And here goes my year summarized in photos taken from all over the Philippines. I have thus proven that once bitten by the travel bug, one can never go back. Thanks to all the friends I met online at first, on the road eventually. I hope 2012 has a lot more in store for me and my itchy feet. 🙂 Cheers!
Food is plentiful and cheap in Dumaguete. I cannot believe the number of local restaurants dominating the city proper. And with the market of hungry university students looking for a great fill on a student budget, Dumaguete’s homegrown restos face stiff competition. We dined at Kawaway’s, a native restaurant serving mostly grilled fish and meat and filling stews, and the bill was just around 600pesos. Note that we had 4 viands, 4 cups of rice, plus drinks. For breakfast, we grab coffee at Mcdonald’s, just 2 blocks from our accommodation. Refills are free until 10:30am – a fact that I was unaware of till my last breakfast in Dumaguete where I didn’t even avail of the free refill as we were pressed for time. Or haven’t I had enough Mcdo pancakes and sausages in Metro Manila to know that this is indeed the case with all Mcdo braches?
The night is alive with bars and grill restaurants providing local entertainment to enhance the gastronomic experience. Hayahay, for example, conveniently located along Rizal Boulevard was staging an acoustic one-man show when we stopped by to grab some drinks during our first night in Negros Oriental. We squeezed in some shuteye at our humble room in OK Pension House where the rates are perfect for the budget traveler who’d rather spend the money on his daytime adventures. An airconditioned room with a queen-sized bed costs just 440pesos a night. We were lucky enough to get soap and towels with that rockbottom of a price. Cheapskates as we were, we didn’t even buy toiletries from the nearby grocer. My 3 shampoo sachets and 1 toothpaste twin sachet (emphasis on the twin!) proved sufficient for our hygiene needs. (I sense that sneer of disgust in you, reader!ha!) Don’t worry; I brought a deo all along. (Now a sigh of relief I hear!)
The second night’s socials was much affordable with 4 500-mL beers for just 168pesos at Garahe, a raw and rustic no-nonsense drinking arena which reminds me of Papus near ADMU and brings to mind another bar bearing same name in UP Diliman (yes bandang amorsolo. haha). We decided not to wait for the band playing as they were busy watching ‘Naked and Funny’ non-verbal comedic gags on the bar’s mounted TV screen. We then hopped to a bar our tricycle driver recommended where the showband’s female lead was earning raving reviews and howls of approvals from the old men in the front row of tables. Right there and then I knew why our driver liked this place. haha
When in the province, I cannot miss watching a movie on the big screen. Movie tickets are cheaper in the provinces compared to their Metro Manila counterparts. And as Green Lantern was right on schedule, we scored seats for just 110pesos each at Robinson’s Dumaguete on our second night. Back in my hometown, I watched Thor for a measly 60bucks. Now that’s cheap! You wouldn’t kick yourself and feel bad for falling asleep halfway through the film because it cost you just half of what you pay for that tall cafe mocha.
Going home late after the cinema’s last full show (which is not that late in Dumaguete, actually) is never a problem as tricycles are easily accessible for just 8pesos per ride (minimum). I was sorry and embarrassed to have haggled for my tricycle fare to the airport during my last day, only to settle at a higher price in the end. The Sibulan Airport was already too far from the city center, I have come to know. In this Negros Oriental trip, I have realized that not only do I have a tendency to become disoriented every 30 minutes; I also lack spatial relation and distance approximation skills. I’m a complete geographic idiot.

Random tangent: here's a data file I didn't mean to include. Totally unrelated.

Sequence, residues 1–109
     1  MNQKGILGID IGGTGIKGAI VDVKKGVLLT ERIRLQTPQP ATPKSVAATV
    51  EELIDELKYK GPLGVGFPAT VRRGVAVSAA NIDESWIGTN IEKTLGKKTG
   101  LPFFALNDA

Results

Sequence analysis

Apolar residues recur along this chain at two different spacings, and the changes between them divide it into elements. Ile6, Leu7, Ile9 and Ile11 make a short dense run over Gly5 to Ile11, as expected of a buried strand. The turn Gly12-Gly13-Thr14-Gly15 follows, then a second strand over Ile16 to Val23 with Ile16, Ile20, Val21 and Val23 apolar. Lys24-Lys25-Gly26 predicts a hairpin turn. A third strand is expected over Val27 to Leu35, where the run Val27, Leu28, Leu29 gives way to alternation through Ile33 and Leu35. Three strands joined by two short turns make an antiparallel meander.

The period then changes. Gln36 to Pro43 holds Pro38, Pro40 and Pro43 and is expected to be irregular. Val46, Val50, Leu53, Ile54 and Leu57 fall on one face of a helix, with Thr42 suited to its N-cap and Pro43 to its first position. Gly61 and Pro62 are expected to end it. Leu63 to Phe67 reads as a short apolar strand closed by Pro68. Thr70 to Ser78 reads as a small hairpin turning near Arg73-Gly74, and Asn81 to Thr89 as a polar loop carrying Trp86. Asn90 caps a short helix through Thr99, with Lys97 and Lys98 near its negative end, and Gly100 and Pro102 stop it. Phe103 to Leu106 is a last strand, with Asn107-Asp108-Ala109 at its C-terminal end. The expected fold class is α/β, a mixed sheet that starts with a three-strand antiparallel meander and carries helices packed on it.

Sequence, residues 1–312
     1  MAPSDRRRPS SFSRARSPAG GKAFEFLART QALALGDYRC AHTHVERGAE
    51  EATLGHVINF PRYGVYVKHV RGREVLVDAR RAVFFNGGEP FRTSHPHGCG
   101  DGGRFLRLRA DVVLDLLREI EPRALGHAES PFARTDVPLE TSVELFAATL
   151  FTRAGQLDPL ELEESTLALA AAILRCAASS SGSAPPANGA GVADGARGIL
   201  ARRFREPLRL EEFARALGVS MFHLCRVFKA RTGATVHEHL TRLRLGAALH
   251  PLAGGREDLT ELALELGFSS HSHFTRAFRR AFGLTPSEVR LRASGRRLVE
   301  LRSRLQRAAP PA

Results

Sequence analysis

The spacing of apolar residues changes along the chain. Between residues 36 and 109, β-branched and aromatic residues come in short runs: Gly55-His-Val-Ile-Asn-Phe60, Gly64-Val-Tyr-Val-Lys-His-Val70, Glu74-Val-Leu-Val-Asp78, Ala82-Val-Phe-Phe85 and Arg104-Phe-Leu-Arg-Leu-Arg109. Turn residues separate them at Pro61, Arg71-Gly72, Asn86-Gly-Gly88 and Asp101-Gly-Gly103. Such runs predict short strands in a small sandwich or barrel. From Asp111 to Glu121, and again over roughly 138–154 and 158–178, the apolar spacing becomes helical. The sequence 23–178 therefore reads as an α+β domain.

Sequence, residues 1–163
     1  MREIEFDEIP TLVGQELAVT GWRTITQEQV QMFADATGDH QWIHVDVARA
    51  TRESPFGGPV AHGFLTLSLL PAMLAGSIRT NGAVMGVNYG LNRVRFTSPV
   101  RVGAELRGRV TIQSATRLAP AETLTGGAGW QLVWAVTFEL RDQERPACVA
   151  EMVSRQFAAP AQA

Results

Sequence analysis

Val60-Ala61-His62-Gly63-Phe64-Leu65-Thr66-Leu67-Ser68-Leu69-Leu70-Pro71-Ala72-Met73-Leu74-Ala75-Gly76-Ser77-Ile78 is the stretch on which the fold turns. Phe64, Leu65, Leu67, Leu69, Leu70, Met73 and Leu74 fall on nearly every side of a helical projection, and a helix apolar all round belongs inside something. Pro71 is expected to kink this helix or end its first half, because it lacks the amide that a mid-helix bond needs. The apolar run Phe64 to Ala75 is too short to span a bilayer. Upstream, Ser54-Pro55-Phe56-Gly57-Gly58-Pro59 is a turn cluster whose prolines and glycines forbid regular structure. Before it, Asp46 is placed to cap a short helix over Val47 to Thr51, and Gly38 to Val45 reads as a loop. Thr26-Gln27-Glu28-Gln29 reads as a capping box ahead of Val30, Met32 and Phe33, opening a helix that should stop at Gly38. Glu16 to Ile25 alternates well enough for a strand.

30 minutes from Dumaguete City is the sleepy town of Valencia. 30 minutes more of alternating rough and paved roads is a mystic waterfall sheltered within a vast forest declared as a protected area by DENR.
The trek was long and winding, 13.5 kilometers from the national highway to be exact. The road was a rocky horror and the rain was starting to pour. The air was cold and inviting and the flora wild and varied. We hired a motorcycle for the butt-numbing long ascent and anticipated exhaustion. An hour later, after countless stops for photo breaks, we reached the twin lakes office and registration area adjacent to Lake Kabalin-an, where tree reflections intentionally distract you from the seemingly emerging creatures in the water. And with the imagination kicking in, the small body of water appears eerily reminiscent of Loch Ness where Nessie could devour the most unsuspecting stranger. Entrance fee is 10 pesos per person.
And the living is easy…
By 10 am on Day 2 of our Negros Oriental escapade, we were at bais City, a 1-hr commute from Dumaguete via Ceres Liner bus. We headed to the city tourism office to inquire about the dolphin watch tours. Ate Maria Fe, from the local tourism office, said she’d meet up with Sir Anton who facilitates the tours. Off we went with her towards the city hall where we finally saw Sir Anton. He let us set the price for the whole tour. Since the normal rate good for 20 people costs 4K, we told him we’d settle with 3K since it was just the three of us. He said if we came earlier, and by earlier he meant 6am, we could have joined a big group so as to save money. But it was a great deal, actually. We had the boat to ourselves for a 5-hour tour consisting of dolphin watching, mangrove tour, and beach bumming by the Manjuyod Sandbar.